• Cataracts are very common. A cataract is when the lens of the eye becomes cloudy. People with cataracts may have cloudy or foggy vision, have trouble seeing at night, or have problems with glare from the sun or bright lights. If the cataract is causing major problems with a person’s eyesight, it may be surgically removed.
  • Loss of eyelashes and/or a dry eye can occur with external-beam radiation therapy and proton-beam radiation therapy.
The following side effects are less common and can cause a loss of vision:
  • Radiation retinopathy: The development of abnormal blood vessels in the retina
  • Radiation optic neuropathy: Optic nerve damage
  • Nonvascular glaucoma: A painful condition where new blood vessels develop and block the outflow of fluid from the eye
If there is significant damage to the eye from radiation therapy, the eye may need to be removed. Learn more about radiation therapy.
Laser therapy: This procedure uses heat in the form of a laser to shrink a smaller tumor. It may also be called thermotherapy or transpupillary thermotherapy (TTT). This treatment potentially has fewer side effects than surgery or radiation therapy. Laser therapy may also be combined with radiation therapy.
Treatment by disease and stage: Below is an outline of the common treatments used depending on the type and stage of the eye cancer. In addition to standard treatments, patients are encouraged to talk with their doctors about clinical trials that are open to them, no matter the type or stage of the tumor.
Iris melanoma: Iris melanoma is not generally actively treated unless the tumor begins to grow, although there can be exceptions. The following are examples of common treatment options:
  • Active surveillance/observation
  • Surgery—iridectomy
  • Radiation therapy (charged-particle therapy, such as proton therapy, or brachytherapy)
  • Enucleation, if the tumor is too large to remove or it spreads beyond the eye
Small choroidal and ciliary body tumor: The following are some treatment options for a small choroidal or ciliary body tumor:
  • Active surveillance/observation
  • Radiation therapy (charged-particle therapy, such as proton therapy, or brachytherapy)
  • Laser therapy
  • Surgical resection (removal of the tumor) and/or enucleation
Careful observation is a common treatment plan, although patients and their doctors may choose another option depending upon the location of the tumor or if the tumor begins to grow
Medium choroidal and ciliary body tumor: The two most common treatment options for medium-sized choroidal and ciliary body melanoma are radiation therapy and enucleation. It is believed that there is no difference in survival rates between these two treatment methods for a medium-sized choroidal tumor. The following are treatment options for a medium-sized tumor:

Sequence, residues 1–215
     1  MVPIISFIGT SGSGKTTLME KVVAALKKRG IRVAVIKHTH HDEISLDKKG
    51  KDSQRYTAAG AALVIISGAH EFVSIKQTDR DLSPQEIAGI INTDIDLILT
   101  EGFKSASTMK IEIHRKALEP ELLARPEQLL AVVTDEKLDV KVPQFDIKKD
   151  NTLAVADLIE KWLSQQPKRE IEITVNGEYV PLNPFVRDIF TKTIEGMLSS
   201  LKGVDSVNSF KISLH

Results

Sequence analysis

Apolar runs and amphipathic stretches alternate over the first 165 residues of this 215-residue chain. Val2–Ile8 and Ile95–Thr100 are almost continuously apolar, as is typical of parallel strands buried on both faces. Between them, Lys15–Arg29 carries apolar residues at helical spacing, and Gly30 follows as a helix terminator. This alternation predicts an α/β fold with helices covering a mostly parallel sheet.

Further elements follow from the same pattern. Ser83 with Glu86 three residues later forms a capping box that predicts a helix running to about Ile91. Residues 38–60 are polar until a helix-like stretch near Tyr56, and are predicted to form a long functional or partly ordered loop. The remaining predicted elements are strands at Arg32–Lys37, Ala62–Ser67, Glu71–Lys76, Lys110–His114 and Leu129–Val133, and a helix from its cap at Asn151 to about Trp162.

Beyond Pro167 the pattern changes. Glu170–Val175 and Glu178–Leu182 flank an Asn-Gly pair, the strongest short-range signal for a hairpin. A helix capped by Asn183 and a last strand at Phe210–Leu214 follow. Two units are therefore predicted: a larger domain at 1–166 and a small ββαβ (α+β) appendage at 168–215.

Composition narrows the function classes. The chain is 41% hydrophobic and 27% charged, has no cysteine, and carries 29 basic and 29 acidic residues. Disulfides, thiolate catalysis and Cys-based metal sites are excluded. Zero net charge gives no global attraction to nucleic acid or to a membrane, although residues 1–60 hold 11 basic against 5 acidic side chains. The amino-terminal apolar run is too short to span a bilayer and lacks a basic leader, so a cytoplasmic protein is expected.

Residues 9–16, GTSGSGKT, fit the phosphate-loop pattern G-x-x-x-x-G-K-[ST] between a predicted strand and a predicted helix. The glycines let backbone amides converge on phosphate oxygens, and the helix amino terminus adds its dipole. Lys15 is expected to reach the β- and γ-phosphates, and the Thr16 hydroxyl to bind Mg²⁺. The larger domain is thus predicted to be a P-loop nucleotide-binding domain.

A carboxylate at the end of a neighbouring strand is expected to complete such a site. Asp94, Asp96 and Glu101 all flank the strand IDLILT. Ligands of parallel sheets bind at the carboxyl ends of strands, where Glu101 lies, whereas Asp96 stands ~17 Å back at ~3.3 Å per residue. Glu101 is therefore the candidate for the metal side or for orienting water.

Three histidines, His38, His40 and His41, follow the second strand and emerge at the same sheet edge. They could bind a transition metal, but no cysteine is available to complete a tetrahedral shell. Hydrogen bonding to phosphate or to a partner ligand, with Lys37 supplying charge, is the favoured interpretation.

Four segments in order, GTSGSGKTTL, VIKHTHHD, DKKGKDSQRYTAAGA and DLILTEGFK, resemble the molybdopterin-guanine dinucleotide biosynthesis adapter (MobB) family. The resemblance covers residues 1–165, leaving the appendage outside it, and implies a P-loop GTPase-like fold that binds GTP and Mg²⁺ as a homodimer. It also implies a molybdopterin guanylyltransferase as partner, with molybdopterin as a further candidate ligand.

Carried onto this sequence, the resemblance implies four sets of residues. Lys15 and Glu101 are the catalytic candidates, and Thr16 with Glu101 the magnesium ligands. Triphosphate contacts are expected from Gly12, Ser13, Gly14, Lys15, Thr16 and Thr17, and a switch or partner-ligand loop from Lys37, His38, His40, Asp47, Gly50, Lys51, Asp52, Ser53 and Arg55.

• Radiation therapy (charged-particle therapy, such as proton therapy, or brachytherapy)
  • Surgery to remove the tumor
  • Enucleation
  • Enrolling in a clinical trial

In addition, the combination of laser therapy and radiation therapy (sometimes called “sandwich therapy”) is being used more frequently to treat this type of tumor.

Large choroidal and ciliary body tumor: For a large tumor, enucleation is the usual treatment. Results of the Collaborative Ocular Melanoma Study (COMS) revealed that patients had similar survival rates whether they received radiation therapy before enucleation or had their eye removed with no prior radiation treatment. Enrolling in a clinical trial may be another option for people with large choroidal and ciliary body tumors, as is additional radiation brachytherapy.
Recurrent intraocular melanoma: Recurrent melanoma is melanoma that has come back after previous treatment. Enucleation is one of the main treatments if a person’s eye has not yet been removed. A person with recurrent intraocular melanoma may also consider enrolling in a clinical trial.
Extraocular extension melanoma: If the tumor has spread to the outside of the eye, optic nerve, or eye socket, the doctor may recommend removal of the eye. Or, the doctor may perform a modified enucleation, which is the removal of the eyeball and adjacent structures. In some cases, the doctor may decide to remove the entire eye and the adjacent structures in a process called an exenteration. If the spread is small, some doctors will try to save the eye by removing the outer part of the tumor and treating the eye with radiation therapy. Talk with your doctor about possible treatment options.
Metastatic intraocular melanoma: This is melanoma that has spread from the eye to other parts of the body, such as the liver. Treatment options include treating the disease in the affected organ or enrolling in a clinical trial. Palliative treatment can also be used to reduce pain, control symptoms, and make a person more comfortable.